In my neck of the woods, the big vote was trash - LITERALLY! The city of Saint Paul is in a unique situation, in which trash collection is private. If you want your trashed picked up, you have to pay for it privately. While many think that this is great, others cite the many reasons why there should be a municipal trash service. This all came to a head on election day, when the citizens of Saint Paul were charged with deciding on whether or not this should continue.
I don't typically pay much attention to campaign signs, but you couldn't help but to pay attention when it came to this vote. Walking down the street, you'd see signs that simply read "Vote Yes" or "Vote No". The signs in my neighborhood all said, "Vote No", because rich people don't need to worry about the needs of the less fortunate, right?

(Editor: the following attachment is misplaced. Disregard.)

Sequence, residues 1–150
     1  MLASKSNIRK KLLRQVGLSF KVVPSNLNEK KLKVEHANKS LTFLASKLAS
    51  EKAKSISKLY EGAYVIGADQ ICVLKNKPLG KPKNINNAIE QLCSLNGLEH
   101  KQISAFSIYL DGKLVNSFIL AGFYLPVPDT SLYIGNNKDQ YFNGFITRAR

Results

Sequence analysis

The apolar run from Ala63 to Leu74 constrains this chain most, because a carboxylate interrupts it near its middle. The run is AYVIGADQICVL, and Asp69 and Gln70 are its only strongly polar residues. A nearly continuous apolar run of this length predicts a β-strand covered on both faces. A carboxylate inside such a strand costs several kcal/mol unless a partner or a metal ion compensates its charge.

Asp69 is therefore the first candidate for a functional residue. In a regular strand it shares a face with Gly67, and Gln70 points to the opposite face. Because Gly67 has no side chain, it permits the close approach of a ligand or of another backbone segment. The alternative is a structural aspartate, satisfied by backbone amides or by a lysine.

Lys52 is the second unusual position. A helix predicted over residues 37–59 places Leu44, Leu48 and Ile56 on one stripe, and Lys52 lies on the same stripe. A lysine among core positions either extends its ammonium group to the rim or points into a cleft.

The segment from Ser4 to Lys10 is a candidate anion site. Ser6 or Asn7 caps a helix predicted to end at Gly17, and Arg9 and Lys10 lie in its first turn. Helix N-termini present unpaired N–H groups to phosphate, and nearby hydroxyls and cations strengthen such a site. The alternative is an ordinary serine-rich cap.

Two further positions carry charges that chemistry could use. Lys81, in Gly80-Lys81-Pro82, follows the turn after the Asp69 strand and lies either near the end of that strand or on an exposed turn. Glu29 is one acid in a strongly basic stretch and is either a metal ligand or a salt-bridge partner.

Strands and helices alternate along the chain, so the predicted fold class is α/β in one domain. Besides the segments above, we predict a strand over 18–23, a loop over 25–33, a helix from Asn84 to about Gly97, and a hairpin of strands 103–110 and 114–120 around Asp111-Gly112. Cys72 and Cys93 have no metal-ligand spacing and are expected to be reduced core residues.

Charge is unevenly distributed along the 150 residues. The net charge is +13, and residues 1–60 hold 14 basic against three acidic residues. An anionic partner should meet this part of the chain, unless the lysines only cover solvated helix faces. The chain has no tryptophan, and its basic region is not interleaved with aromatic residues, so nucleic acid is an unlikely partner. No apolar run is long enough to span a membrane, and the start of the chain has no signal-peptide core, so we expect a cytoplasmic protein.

As I walked up to my polling station (which is very conveniently, about a 60 second walk from my apartment building), I noticed how there were no lines, no waiting, and a very welcome and open environment that made voting seem really easy. I went in the middle of the day, so I'm sure it got crowded later on, but still - it was all so easy and so convenient.
After I left, I couldn't help but to think about other neighborhoods and communities. Is voting as easy there as it is for me? Is there suppression at play in other parts of town? I'm used to being asked for an ID, but the attendants only asked for my name at the desk. Is this the reality for voters in say, East Saint Paul?
I don't really have a point to make, other than this: As you prepare to vote for president next year, keep ALL communities in mind, and not just yours. I think I'm going to take the day off to make sure people who live in other parts of my city have the opportunity to vote. It's SUPER easy where I live, but maybe that's not the reality for everyone. It's something that I think everyone should be thinking about as we approach what I think is the most important vote of my generation.
By the way, I voted for a municipal trash service - how dare the millionaires that live along Summit Avenue, and in the other mansions that dot my neighborhood, think only about themselves.